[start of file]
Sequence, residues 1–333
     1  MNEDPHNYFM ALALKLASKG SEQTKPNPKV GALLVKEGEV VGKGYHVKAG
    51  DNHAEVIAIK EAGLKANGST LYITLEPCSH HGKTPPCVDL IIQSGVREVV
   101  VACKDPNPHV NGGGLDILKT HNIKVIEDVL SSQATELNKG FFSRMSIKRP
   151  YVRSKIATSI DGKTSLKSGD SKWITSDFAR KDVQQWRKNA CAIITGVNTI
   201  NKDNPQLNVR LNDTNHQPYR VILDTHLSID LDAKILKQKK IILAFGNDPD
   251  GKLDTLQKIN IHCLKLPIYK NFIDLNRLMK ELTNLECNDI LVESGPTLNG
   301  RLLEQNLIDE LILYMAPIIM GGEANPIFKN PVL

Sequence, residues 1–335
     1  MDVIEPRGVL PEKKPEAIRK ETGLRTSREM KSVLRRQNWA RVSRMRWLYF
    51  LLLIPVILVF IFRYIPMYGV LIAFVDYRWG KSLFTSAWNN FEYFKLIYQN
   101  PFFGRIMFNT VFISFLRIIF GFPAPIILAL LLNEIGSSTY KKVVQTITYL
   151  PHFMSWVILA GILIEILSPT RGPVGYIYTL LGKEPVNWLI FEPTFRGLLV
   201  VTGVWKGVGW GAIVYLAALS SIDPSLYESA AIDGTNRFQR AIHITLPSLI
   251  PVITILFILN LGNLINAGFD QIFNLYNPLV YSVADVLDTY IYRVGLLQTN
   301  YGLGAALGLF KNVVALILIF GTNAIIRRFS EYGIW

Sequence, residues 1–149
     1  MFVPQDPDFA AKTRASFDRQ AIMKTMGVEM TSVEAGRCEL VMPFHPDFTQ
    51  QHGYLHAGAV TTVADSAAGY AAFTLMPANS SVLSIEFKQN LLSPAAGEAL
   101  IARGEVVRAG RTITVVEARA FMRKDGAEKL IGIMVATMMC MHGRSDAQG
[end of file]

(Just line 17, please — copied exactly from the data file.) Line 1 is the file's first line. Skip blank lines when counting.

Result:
Sequence, residues 1–149